There can be disadvantages in purchasing a franchise from an Emerging Franchise:
- There will be a limited number of franchisees to provide feedback.
- Since the franchise network is small there will be limited brand recognition.
- There will be limited franchisee operating results by which the franchise can be evaluated.
- The franchisor may lack the capital needed to fund and continue new growth.
Tips on Evaluating the Emerging Franchise Company
In addition to the due diligence that should be performed, be sure that you and your advisors focus attention on:
- Market analysis and competitive review
Does the franchisor have a detailed market analysis? There should be data that will demonstrate there is a market for the franchise's products or services. If you and your advisors need to rely upon lots of talk and little substance, you could be headed for trouble. You’ll also need some information regarding competition: some competition can be a positive sign, whereas no competitors could mean there is limited demand in the market.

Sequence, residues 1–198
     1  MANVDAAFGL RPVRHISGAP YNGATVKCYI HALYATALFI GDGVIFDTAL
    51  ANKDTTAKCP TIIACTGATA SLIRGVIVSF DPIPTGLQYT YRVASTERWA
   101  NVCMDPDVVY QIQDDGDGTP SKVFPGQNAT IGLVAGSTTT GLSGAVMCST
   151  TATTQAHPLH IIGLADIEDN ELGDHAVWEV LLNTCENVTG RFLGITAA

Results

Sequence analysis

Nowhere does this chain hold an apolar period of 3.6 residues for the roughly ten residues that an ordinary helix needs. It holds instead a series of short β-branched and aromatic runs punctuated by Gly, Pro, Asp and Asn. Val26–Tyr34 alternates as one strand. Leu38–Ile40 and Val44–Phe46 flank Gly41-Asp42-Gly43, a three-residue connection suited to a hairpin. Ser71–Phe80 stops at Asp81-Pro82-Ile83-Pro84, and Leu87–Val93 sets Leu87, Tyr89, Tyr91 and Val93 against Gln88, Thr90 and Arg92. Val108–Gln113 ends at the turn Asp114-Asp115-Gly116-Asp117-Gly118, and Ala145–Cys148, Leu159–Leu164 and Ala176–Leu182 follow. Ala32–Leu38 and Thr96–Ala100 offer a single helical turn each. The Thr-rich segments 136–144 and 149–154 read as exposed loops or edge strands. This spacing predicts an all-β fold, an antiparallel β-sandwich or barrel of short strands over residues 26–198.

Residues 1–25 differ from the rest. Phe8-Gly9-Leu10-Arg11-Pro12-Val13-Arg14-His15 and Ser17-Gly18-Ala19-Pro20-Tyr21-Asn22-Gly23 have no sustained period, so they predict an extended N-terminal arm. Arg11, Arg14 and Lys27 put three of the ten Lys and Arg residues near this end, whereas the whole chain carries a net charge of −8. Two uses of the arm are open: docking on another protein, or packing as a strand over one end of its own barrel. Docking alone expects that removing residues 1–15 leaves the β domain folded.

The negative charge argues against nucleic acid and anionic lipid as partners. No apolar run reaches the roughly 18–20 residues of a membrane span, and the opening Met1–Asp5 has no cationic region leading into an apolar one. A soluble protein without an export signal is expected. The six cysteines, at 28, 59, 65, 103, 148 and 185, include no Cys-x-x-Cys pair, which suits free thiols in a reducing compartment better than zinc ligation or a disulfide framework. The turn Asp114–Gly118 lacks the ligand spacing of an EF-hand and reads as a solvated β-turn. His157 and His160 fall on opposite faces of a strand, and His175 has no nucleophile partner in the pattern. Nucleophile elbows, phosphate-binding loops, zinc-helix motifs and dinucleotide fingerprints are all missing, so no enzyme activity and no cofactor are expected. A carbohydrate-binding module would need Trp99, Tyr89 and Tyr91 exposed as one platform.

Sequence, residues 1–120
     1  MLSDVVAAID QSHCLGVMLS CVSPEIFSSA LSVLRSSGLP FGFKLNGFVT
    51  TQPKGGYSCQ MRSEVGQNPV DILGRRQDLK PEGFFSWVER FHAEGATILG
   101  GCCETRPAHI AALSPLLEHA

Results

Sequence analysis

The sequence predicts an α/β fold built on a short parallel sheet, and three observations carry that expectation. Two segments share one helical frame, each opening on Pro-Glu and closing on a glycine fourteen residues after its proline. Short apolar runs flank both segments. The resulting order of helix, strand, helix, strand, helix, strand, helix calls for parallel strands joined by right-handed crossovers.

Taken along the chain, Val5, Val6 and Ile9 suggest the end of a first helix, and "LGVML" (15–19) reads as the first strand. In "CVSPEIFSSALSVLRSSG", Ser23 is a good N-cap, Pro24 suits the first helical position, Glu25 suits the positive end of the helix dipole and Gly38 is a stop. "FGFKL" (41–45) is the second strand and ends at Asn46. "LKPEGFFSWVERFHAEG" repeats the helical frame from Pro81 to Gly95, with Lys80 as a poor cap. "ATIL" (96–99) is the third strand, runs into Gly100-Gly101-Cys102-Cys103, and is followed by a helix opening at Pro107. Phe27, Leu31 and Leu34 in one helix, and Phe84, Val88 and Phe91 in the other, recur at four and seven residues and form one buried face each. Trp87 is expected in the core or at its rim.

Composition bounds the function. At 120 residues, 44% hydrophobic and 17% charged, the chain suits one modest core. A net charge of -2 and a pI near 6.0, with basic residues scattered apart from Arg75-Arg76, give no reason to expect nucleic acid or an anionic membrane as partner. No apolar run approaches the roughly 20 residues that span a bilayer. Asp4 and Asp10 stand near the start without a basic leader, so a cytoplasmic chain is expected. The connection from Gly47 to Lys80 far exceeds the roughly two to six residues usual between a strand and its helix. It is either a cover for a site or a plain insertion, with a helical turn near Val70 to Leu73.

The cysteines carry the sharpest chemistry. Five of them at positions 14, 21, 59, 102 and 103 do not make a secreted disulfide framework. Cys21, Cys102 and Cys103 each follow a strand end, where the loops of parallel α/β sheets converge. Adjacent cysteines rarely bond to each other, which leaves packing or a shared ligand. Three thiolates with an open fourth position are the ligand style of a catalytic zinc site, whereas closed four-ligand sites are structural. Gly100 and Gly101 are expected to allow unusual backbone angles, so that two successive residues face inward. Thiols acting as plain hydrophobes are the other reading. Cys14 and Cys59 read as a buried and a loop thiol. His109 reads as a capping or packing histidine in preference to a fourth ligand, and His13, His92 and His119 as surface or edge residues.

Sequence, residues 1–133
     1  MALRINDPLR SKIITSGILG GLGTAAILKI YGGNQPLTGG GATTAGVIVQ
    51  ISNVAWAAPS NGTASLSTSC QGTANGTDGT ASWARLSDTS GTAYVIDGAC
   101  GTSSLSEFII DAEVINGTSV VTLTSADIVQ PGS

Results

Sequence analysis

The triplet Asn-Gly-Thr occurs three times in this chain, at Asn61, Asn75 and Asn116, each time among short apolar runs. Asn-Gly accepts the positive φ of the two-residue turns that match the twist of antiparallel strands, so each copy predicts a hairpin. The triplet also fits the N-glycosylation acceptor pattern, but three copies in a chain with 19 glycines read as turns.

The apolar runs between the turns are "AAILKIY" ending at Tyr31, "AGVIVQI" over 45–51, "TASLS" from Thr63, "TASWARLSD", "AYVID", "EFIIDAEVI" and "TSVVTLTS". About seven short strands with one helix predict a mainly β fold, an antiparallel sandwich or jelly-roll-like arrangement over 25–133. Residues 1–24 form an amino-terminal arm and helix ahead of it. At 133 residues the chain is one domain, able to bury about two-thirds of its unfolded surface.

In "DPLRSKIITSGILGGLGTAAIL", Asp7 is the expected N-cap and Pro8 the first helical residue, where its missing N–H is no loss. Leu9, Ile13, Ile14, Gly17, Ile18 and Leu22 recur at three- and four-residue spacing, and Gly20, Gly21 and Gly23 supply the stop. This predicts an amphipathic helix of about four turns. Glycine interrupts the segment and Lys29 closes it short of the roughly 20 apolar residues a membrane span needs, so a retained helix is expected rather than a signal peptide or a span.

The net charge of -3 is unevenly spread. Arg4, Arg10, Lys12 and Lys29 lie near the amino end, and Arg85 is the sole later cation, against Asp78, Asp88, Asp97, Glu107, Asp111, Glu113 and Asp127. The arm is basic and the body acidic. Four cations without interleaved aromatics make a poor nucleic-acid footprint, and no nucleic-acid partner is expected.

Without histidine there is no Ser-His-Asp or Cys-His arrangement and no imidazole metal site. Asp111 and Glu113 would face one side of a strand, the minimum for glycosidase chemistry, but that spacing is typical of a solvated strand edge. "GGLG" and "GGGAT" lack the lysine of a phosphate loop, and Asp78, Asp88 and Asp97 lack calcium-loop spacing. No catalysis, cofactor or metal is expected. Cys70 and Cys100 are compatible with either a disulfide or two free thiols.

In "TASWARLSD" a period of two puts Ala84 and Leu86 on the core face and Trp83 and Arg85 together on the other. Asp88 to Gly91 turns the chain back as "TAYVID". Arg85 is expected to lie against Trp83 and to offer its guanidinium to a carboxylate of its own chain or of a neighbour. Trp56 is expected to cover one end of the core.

- Consider the industry sector the franchise is in
There are certain franchise industry sectors that offer significant opportunities for growth. These sectors include: homecare & senior care services, children’s services, wellness and fitness concepts and health food franchises.
- Franchise capitalization
Your accountant should review the financial information in the FDD (franchise disclosure document) to confirm that the franchisor has sufficient working capital to operate and grow the franchise. Too little capital can lead to aggressive franchise selling in order to obtain franchise fees. Limited capitalization could prevent the franchisor from providing services and support to new franchisees
- Franchisor staff experience
Since an Emerging Franchise Company will have limited staff, it’s important to conduct a thorough appraisal of franchisor staff. Someone at the franchisor level with franchise experience will be a plus. At this stage quality of staff is more important than quantity.